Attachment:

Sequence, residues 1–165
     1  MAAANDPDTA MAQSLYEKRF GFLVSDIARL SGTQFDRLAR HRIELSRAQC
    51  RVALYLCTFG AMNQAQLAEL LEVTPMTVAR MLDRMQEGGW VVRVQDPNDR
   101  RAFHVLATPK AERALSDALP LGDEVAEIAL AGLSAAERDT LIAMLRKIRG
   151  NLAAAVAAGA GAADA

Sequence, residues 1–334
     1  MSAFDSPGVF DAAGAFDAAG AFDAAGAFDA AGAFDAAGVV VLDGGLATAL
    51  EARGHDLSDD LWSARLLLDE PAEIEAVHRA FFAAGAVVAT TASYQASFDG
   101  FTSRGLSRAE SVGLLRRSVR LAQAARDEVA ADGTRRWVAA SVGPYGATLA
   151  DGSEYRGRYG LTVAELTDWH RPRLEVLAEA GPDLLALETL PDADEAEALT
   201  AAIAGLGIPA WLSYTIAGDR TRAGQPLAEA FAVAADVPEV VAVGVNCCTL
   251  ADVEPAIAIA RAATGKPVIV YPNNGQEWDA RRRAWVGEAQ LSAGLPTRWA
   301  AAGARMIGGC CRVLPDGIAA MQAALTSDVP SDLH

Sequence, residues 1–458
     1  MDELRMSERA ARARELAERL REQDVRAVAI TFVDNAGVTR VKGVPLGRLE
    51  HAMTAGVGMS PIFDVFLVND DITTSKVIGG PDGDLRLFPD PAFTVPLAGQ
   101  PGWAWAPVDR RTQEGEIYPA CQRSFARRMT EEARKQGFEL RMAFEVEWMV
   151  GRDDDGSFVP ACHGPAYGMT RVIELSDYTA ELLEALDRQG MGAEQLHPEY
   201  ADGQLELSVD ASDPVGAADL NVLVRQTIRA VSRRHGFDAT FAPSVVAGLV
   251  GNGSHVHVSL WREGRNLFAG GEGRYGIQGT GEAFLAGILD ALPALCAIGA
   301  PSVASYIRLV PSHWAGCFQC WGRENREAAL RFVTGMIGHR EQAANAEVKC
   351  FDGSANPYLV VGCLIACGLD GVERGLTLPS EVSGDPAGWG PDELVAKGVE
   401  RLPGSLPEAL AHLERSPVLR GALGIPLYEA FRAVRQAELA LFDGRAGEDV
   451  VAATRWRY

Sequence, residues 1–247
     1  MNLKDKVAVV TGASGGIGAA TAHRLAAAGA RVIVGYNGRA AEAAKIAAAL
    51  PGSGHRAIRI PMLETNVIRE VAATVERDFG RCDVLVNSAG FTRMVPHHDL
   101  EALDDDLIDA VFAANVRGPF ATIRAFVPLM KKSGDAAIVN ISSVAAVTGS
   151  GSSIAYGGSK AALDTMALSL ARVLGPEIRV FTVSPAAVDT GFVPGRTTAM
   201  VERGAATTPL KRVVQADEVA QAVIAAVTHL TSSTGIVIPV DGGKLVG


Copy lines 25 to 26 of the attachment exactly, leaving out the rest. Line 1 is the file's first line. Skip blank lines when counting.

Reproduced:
Sequence, residues 1–247
     1  MNLKDKVAVV TGASGGIGAA TAHRLAAAGA RVIVGYNGRA AEAAKIAAAL